The recent ransomware attack on the Colonial Pipeline Company and the increase in ransomware attacks are catalyzing concern across the energy industry.
In an article for Energy Central, Danielle Jablanski, senior research analyst with Guidehouse Insights, says that beyond training and certifications, there are four practical ways to expand the knowledge base and coordinate incentives and initiatives across government, academia, and industry.
“Energy systems will not be secured overnight, and the tools, tactics, and procedures of threat actors will continue to morph,” Jablanski said. “Building a strong cohort of informed and capable leaders is key to strengthening US electric utilities’ ICS and securing the energy sector supply chain.”
The new approach includes strategies such as sharing information on cyber hygiene, attack patterns, and the booming exploit economy, expanding blackstart simulation exercises with the Rapid Attack Detection, Isolation and Characterization Systems (RADICS) program, demonstrating the potential for cascading effects based on interdependence of critical sectors, and working with equipment manufacturers and systems vendors to connect vulnerabilities to mitigation efforts.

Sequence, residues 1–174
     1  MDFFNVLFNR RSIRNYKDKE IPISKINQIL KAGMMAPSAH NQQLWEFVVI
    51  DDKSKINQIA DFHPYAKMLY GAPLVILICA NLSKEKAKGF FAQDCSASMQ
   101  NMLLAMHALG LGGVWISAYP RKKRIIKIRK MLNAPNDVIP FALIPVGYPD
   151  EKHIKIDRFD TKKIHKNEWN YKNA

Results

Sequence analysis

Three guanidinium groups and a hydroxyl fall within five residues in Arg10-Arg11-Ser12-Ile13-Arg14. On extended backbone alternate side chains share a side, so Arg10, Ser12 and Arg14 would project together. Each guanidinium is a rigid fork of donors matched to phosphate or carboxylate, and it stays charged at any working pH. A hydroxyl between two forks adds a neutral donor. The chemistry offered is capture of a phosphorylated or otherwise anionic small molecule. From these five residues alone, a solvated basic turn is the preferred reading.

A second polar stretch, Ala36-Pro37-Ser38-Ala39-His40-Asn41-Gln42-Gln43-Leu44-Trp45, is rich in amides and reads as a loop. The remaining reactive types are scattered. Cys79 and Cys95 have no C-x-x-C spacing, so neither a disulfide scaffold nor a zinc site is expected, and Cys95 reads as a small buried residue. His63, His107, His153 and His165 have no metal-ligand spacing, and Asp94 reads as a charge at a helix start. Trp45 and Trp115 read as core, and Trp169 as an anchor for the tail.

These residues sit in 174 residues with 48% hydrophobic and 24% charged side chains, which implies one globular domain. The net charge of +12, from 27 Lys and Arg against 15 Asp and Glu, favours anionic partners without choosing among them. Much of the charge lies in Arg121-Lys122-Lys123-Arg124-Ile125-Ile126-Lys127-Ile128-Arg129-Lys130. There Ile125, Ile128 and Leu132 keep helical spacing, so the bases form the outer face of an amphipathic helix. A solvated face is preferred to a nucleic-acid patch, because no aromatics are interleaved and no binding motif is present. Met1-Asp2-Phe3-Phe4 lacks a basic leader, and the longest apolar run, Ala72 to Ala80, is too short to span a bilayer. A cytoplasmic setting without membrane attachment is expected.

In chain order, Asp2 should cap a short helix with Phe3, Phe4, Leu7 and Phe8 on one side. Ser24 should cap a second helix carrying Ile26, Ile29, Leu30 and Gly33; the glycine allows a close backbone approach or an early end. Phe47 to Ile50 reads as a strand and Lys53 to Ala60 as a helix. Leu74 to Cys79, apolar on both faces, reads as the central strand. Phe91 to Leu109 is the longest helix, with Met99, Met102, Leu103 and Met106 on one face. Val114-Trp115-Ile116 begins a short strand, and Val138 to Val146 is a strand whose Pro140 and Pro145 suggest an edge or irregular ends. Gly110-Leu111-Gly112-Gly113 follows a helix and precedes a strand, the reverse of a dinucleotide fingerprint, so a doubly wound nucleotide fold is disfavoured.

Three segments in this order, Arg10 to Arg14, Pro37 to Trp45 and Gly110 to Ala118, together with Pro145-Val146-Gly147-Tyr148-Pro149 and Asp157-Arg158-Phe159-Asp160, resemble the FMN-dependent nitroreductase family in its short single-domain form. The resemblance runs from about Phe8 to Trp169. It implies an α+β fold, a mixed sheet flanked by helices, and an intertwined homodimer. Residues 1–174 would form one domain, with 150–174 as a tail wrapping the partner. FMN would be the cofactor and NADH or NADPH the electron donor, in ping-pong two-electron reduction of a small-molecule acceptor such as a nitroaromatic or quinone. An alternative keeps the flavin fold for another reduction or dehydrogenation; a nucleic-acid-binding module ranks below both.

In the article, Jablanski explains that as cyber risks to the industry continue to gain attention, new emphasis is being placed on the security of operational technology (OT) and industrial control systems (ICS).
“Securing OT is different in many ways from securing IT, but every organization has to understand risks and costs to begin to build mature security programs to defend against cyberattacks,” Jablanski said.
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